It's not exactly the amount of the sand, but rather the sand (quick drain soil) requires the irrigations right?

Instead of trying to change the soil profile I would try to alter the other practices in the turf.

1) Mow long height if possible due to the grass species
2) If the grass type does not allow tall mowing consider new grass type.
3) More more frequently.

As a last resort I have seen a new method of plug a turf with polymers that act as water retentions molecules... the guy posted on here a couple times... I'll see if I can find it....

Green in Idaho
10-30-2003, 12:25 AM
Not exactly organic but


The side would be that by compromise here it may allow a fullfilled organic program in the other areas of lawn care.

They do have one branch office here in my area, but I NOT affiliated with them and have no first hand experience with it. The locations are a coincidence.

10-30-2003, 08:24 AM
Originally posted by GroundKprs
Compost is a great way to enhance the vegetable garden, or the annual beds, but is a poor way to try to enhance soil for turf growth.

Gee Jim, generally I agree with your views on turf, but I think you are a little off base on this one. CSRA was asking about growing grass in sandy soil. The first thing that would come to my mind is the water holding capacity of the sand to support turf growth. Grass can be grown on pure sand soils without modification. Golf course greens are an example. The limiting factor would be water. By introducing compost, you will be adding to the water holding capacity of a sand based soil (although I will agree that wood chips will accomplish the same result). More and more courses are going to a 90/10 or 80/20 topdressing mix to address water holding capacity of sand based soil in light of recent water restrictions throughout the country. Anyways, I always enjoy your comments regarding turf. Your assessments are generally right on the money.

10-30-2003, 09:55 AM
Mike, I was referring to the suggestion to till in compost in a renovation mode. Adding compost will function as a regular maintenance on sand, but the wood chips are a one time long term alternative when renovating a sand based ornamental lawn.

I'm always looking at long term. My first question to a new prospective client is "Are we going to just make this lawn look good while you live here, or are you living here until you die?"

CSRA Landscaping
10-30-2003, 03:28 PM
Jim, I remember yopu posting about the wood chips before ... what would you think about topdressing in wood chips?

10-30-2003, 06:46 PM
If you topdressed your lawn area with woodchips wouldn't that really screw up the C/N ratio in the soil and tie up nitrogen?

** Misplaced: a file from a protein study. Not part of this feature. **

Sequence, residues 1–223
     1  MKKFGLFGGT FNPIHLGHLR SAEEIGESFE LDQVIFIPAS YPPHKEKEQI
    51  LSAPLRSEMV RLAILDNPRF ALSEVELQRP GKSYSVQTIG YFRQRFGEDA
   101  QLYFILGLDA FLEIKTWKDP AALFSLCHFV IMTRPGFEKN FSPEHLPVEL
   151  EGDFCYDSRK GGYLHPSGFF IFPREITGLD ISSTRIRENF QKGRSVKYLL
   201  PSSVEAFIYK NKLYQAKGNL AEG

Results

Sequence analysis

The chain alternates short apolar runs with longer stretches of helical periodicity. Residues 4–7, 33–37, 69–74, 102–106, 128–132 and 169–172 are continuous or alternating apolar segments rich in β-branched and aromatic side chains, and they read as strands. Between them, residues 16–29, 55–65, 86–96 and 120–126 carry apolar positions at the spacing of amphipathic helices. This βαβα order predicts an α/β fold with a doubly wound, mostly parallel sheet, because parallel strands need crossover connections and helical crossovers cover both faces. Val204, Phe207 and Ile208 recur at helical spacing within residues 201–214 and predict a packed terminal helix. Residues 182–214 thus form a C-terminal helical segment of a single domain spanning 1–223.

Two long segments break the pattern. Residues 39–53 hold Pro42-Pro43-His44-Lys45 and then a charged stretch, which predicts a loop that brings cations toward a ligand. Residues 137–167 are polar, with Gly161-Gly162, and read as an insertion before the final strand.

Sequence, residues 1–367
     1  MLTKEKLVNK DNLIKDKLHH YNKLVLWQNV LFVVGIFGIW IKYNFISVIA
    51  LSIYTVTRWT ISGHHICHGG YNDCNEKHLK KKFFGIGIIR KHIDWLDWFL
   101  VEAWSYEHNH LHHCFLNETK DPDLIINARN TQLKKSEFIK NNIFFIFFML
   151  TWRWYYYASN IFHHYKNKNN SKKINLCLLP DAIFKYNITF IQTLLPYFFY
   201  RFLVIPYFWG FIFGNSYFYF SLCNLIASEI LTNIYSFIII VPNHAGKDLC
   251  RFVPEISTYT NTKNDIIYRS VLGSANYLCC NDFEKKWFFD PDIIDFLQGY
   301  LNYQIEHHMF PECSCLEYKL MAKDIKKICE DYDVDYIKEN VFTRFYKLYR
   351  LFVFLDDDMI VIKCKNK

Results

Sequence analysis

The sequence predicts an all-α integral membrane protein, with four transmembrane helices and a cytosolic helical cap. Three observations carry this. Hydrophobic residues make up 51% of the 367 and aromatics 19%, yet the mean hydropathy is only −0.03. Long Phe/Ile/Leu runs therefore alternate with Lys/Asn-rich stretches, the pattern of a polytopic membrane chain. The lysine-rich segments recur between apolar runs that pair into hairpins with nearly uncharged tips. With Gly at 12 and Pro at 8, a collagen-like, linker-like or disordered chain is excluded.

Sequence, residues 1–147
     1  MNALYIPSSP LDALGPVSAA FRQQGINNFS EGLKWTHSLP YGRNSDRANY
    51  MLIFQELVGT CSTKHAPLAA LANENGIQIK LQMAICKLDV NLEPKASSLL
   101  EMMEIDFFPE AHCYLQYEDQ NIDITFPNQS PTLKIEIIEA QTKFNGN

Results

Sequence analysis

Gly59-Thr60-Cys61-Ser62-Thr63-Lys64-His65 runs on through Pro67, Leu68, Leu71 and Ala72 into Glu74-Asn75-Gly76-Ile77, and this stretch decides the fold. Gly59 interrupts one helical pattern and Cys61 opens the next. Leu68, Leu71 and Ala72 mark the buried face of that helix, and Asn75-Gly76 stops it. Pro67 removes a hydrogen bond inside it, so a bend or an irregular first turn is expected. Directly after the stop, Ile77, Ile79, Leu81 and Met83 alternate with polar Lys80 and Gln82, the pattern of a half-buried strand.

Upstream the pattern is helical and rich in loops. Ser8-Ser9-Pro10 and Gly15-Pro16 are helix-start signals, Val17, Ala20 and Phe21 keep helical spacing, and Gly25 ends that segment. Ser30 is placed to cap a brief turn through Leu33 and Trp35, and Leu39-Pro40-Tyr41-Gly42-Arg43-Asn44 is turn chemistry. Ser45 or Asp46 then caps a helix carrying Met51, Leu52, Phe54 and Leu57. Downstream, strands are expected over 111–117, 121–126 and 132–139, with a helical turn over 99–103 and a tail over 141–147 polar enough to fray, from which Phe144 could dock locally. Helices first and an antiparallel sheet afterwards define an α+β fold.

How about a good irrigation system insted and mabey a wetting agent every so often. :)

Pete D

10-30-2003, 08:50 PM
Jeff, tried it once after a good aeration. Used finely ground chips - biggest pieces were 1/4 size of average fingernail, and the wood was well aged, so there was no worry about C/N problems. Just did strips of the lawn to see if it made a difference, and was going to run experiment for at least a couple of years. Got too busy to follow through, and did not see any benefit from the one application.

I would not expect to see a surface application give the benefit of tilling it in 6".

CSRA Landscaping
10-30-2003, 10:42 PM
Ok ... I was wondering about that ever since I first read about the wood chips .. haha.

What I'm wondering now, is what would be the best method for incorporating OM into an existing yard that is on a fert program? There is no particular yard in question here, just planning things out for the spring. I'm sure that we'll play around with different ideas as well.

10-30-2003, 10:58 PM
I would think that topdressing with OM after aerating would be the best.

CSRA Landscaping
10-30-2003, 11:03 PM
Has anyone on here ever dealt with humic acid, or is it a nebulous subject?

10-31-2003, 08:03 AM
I don't think humic acid has been studied in enough to make a reasonable recomendation on it. I've heard that it works and I've heard that it does not work. It is much like the organic end of lawn care - it needs more in-depth study. JMO.

11-06-2003, 03:44 AM
This thread is bouncing around a little. I'll try to cover the unanswered territory.

Humic acid is a nebulous subject. One person's humic acid is another person's coal dust. I want a good definition of it before I start using it. Having said that, if you are using a product called humic acid (or anything else for that matter) and it is working for you, you're on to something. I've not used any humic acid that I could notice a difference from using.